The artists whose works are brought together here under the theme of ruins are interested in capturing the traces of a disappearing world, a world in which the evolution of the photographic image is symptomatic of a more fundamental transformation of culture and social values as a whole.

Michel Campeau – The Donkey that became a Zebra : histoires de chambre noire

This project originated in the desire to preserve the memory of rituals, places, and objects associated with gelatin-silver photography. Campeau gathers artefacts from a world in which the making and reading of images was based on a more immediate link with reality, a stronger belief in the veracity of representation. These artefacts are the ruins of that world. Campeau reactivates our memory of them by suggesting emotional stories related to photographic laboratories or interpretation of images. But nevertheless, an image is not reality, and a donkey is not a zebra.
with an essay by Joan Fontcuberta

André Barrette – Fin de Siglo

After multiple trips to Cuba, André Barrette offers his vision of the sites, objects, and images that form Cubans’ daily environment. All of these elements – modest, worn, dilapidated – reflect the state of a political regime the utopian hopes of which were not able to withstand market pressures, as does the Havana department store Fin de Siglo, established during Batista’s time and today nothing but a shadow of its former self. In the early twenty-first century, there is still no advertising in the Cuban streets, only political icons and representations and a few scattered expressions of private initiative.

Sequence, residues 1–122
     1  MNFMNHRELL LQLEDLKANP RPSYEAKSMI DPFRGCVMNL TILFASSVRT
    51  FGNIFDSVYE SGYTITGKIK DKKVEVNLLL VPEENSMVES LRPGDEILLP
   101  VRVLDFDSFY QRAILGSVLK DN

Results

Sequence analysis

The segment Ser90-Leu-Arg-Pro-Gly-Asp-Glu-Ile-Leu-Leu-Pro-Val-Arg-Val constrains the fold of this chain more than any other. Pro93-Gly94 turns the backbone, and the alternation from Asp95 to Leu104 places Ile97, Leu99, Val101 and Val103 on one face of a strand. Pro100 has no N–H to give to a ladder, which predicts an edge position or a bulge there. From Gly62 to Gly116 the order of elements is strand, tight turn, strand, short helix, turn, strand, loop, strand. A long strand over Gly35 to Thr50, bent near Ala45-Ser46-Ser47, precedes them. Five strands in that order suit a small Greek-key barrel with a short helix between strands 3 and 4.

with an essay by Alexis Desgagnés

Joan Fontcuberta – Trauma

These three series present an allegory for the end of an era: they stalk within the photographic image itself the traces of its dissolution; they take the pulse of its physical and chemical limitations; and they examine the boundaries of its capacity to represent. As always, Fontcuberta’s formal and cognitive explorations are connected by a narrative thread that is often tinged with irony: a grainy image taken from the film Blow-Up, which in turn is blown up into the digital abstraction of pixels; images of artworks devoured by snails; the degeneration of developers and fixers that make an image unrecognizable.
with an essay by Sylvain Campeau

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